An accurate history of SHARE/WHEEL and Nickelsville won’t be found in The Seattle Times. As Malcolm X said, “If you’re not careful, the newspapers will have you hating the people who are being oppressed, and loving the people who are doing the oppressing.” Times Reporter Scott Greenstone’s job is to help Johnson avoid this history and denigrate democratic advocacy.
Let’s not forget that housing should be, and could be, a basic human right like food and clothing — though food and clothing also are not treated as human rights in our society. It is hard for housed people, going on with their lives the best they can, to understand that these are not treated as human rights only and precisely because the people who own the local newspaper, the radio stations and the TV station do not want you thinking so dangerously and out of step with their desires and economic interests. Their messaging will reflect that and try to influence the general public into buying into it wholesale.
There will be a day when criminalizing homelessness is accurately set alongside all the other forms of punishment in history that were forced on those who had no choice. First, though, poor and working people must have their own media that listens to and reports about working and poor people in the manner that the Blethen family’s Seattle Times reports the impacts of homelessness on the wealthy.
Seattle history also shows Johnson didn’t have to be adversarial. In the ’90s and ’00s, HSD Directors sometimes allowed their staff to problem-solve on the ground. We remember HSD staff like Karin Dawson, who listened and responded to facts, regardless of her boss’ nutty theories.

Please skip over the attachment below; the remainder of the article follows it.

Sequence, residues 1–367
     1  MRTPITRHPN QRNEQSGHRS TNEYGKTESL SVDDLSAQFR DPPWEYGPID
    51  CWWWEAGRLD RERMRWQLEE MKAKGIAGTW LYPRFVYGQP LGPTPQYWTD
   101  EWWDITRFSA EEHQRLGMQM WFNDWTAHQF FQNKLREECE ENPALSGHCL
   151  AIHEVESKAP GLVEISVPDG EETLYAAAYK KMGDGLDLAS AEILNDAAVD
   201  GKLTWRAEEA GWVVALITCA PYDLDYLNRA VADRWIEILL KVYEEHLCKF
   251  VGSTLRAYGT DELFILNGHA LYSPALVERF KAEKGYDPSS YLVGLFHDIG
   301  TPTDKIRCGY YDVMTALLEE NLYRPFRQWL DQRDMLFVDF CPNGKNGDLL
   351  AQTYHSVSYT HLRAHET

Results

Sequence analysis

We worked with her in a respectful and professional manner that Johnson — or anybody — would have received if he would have sat down with us. The reality is we love to talk about and help solve problems; we do it every single day on so many levels that those unacquainted with us would be amazed at the dedication and perseverance.
We want to sit at the same tables as Amazon and the Chamber of Commerce. As a group of homeless people working for homeless people for decades at this point, we are experts in homelessness.
SHARE/WHEEL and Nickelsville cut out the profit of the homeless-industrial complex and pass the savings onto you! No other homeless services organizations do so much, at such little cost — period, exclamation mark! We don’t have an army of staff and a CEO; we have a self-managed group of shelters, tiny houses and tent cities that constitute the best solution to homelessness while we wait for real, affordable housing for all.
The foul weather recently caused the COVID-19 and economic crises to get even worse. Thousands of homeless and even housed individuals faced extreme cold, wind and rain. Did the government require or even ask the Sheraton, Hilton, Holiday Inn or other hoteliers to help? They’ve got the empty rooms.
No, the most notable help has been a series of acts of mutual aid from housed and unhoused communities: people who have a sense of what it’s like to belong. SHARE participants and Nickelodeons live like this. This is what we teach people. This is what makes a better society and should be supported and encouraged.
We choose, in a democratic society, to actually act democratic. We are not apologizing for that. Daily, in our shelters, tent cities and tiny homes, we hold each other accountable. It is with a clear and agreed-upon social contract that ensures safety, security and the ability to function as a healthy community. It isn’t perfect, but it is better than the alternatives, like any democracy.
We remain, as always, willing to work with anyone and everyone to end homelessness in a democratic, inclusive and community-driven process.
Find more information about Nickelsville at https://feednickelsville.wixsite.com/nickelsville and SHARE/WHEEL at http://www.SHAREWHEEL.org
Read more in the Mar. 10-16, 2021 issue.